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Serving Sri Lanka

This web log is a news and views blog. The primary aim is to provide an avenue for the expression and collection of ideas on sustainable, fair, and just, grassroot level development. Some of the topics that the blog will specifically address are: poverty reduction, rural development, educational issues, social empowerment, post-Tsunami relief and reconstruction, livelihood development, environmental conservation and bio-diversity. 

Thursday, April 21, 2005

Caring for tsunami orphans

Daily News: Feature: "20/04/2005 by Tharuka Dissanaike

Thangavelu is not a rich man. With his moderate wage as a mason, however, he managed to bring up three sons and spend for their education. The family lived comfortably as they could in their crowded neighbourhood in the outskirts of Batticaloa town. But when he had to take his seven orphaned nieces and nephews in after the tsunami, Thangavelu faced a huge dilemma. How can he manage?

But choices were too few. Right after the disaster the children aged between 17 and 5, were split up by relatives and the two girls actually ended in a home. But later, Thangavelu agreed to keep the entire family together at his two-roomed house. His wife agreed. Today, his family numbers twelve and live crammed in a small house. The family is managing at present because the children are entitled to rations and Rs. 5000 a month for expenses. But once the money stops, Thangavelu will be faced with the entire burden of caring for all the children.

On the other side of the country, in Moderawatta in Tangalle a similar story. A family of four children, orphaned by the tsunami is now being cared for by their maternal aunt and her husband. Both are employed at the Hakmana Hospital and have very few means. But again, there was little choice in the matter. They would not allow the children to be institutionalized or split up to be cared for by different people.

They did not consider adoption either. Although there were various schemes announced for tsunami affected children, especially those orphaned, none of these schemes has really translated to reality on the ground.

The Child Protection Authority and Social Services Department in a bid to encourage foster parenting as opposed to setting up orphanages and foreign adoption, came up with a number of ideas to encourage relatives and friends of the family to keep the children in their familiar environment, and as much as possible in the same school.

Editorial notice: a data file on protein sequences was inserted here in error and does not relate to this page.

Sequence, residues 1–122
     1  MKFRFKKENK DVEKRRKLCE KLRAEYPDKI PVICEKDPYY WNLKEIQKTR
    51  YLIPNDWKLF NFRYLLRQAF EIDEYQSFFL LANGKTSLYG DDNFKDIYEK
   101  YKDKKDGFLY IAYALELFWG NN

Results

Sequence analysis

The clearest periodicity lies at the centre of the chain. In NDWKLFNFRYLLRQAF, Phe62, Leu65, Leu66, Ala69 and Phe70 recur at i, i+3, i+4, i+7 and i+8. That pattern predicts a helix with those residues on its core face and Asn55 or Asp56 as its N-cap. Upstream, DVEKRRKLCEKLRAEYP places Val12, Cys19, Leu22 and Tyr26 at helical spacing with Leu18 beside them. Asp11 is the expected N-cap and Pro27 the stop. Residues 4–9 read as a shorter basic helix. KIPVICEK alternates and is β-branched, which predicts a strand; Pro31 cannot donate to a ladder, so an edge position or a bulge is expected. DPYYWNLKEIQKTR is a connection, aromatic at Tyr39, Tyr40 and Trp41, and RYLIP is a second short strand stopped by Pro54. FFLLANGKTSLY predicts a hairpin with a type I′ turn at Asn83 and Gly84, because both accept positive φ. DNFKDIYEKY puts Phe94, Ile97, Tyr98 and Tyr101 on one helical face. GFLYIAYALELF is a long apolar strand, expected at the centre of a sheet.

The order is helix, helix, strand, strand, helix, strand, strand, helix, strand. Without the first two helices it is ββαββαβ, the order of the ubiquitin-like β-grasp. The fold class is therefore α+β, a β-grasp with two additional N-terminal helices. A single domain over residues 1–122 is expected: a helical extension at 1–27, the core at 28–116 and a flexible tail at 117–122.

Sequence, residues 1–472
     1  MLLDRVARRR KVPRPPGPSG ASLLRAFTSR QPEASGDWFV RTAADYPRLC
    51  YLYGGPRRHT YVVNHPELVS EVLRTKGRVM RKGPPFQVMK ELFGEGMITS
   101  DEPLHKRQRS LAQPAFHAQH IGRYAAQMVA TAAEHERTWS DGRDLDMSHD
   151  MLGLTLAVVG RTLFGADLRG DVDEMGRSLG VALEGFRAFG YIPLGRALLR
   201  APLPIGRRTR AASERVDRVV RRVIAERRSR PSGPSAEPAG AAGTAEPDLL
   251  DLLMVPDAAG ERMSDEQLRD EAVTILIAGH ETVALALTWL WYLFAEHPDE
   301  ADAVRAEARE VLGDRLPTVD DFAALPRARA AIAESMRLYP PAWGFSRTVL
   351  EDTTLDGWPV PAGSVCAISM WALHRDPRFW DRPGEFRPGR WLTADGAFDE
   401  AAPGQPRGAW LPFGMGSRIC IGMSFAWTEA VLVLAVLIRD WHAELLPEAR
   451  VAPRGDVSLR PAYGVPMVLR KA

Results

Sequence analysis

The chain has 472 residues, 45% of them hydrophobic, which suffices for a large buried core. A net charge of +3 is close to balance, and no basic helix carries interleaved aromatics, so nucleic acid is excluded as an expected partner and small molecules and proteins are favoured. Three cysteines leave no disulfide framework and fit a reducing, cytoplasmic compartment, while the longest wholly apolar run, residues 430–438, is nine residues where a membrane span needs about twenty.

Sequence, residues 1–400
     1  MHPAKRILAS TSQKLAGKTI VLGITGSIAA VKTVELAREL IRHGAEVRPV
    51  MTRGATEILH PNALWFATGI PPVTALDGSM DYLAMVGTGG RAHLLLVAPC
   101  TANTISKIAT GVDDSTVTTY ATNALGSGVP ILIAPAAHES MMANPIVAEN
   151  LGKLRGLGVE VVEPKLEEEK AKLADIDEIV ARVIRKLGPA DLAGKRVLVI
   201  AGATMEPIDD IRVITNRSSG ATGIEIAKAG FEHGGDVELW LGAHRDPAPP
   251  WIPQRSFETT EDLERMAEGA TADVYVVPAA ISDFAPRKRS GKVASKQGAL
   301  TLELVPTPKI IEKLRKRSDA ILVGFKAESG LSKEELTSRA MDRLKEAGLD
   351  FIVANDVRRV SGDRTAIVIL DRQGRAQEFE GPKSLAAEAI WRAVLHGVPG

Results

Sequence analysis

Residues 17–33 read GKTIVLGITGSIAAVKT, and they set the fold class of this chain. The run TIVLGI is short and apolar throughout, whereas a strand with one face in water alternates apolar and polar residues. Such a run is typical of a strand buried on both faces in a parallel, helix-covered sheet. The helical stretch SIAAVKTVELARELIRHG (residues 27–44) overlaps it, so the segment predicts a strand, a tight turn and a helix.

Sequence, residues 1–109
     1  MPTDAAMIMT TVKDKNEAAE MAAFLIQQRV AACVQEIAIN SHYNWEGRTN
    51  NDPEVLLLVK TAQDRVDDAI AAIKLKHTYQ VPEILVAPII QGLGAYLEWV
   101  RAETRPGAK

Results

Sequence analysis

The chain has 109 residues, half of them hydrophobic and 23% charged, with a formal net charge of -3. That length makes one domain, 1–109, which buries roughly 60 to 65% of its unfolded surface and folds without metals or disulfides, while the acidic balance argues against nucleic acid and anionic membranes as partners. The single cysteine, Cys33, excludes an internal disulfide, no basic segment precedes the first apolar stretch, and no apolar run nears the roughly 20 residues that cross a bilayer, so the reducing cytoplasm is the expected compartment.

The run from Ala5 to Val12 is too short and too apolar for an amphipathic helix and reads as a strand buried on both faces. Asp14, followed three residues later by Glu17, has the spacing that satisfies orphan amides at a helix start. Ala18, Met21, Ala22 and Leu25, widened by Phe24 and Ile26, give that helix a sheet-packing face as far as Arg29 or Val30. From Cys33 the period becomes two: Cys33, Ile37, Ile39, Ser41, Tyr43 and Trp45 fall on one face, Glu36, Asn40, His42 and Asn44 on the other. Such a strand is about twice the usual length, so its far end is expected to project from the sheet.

But both in the East and the South, many orphans we met now being cared for by relatives had not received any kind of regular support as yet.

Fostering by relatives happened, not so much due to State intervention, but because people had the generosity to open their doors to these child victims of disaster. It happened because society has maintained family values and ties. Often the foster families themselves were affected by the tsunami.

In Navaladdy, Batticaloa we found a 65 year old grandmother, bent and feeble, who lost her husband to the tsunami caring for her three grandchildren left orphaned the same day. She has no income - so she goes from house to house to pound rice, chillies and such to earn money for the children.

1,074 children were orphaned, and 3,721 lost one parent according to official records. But less than 50 have been officially registered into homes and orphanages. This speaks well of Sri Lankan society as a whole.

We cannot forget the children who lost one parent either. Tragically many children lost their mothers. As reported in this column earlier, many fishing villages have lost more than half of the womenfolk, leaving behind another kind of disaster. Some NGOs have formed men's support groups to help the husbands to overcome their grief and their minds to caring for the children.

These efforts need to be encouraged and the State must support local efforts to rebuild lives and families affected by the tsunami.

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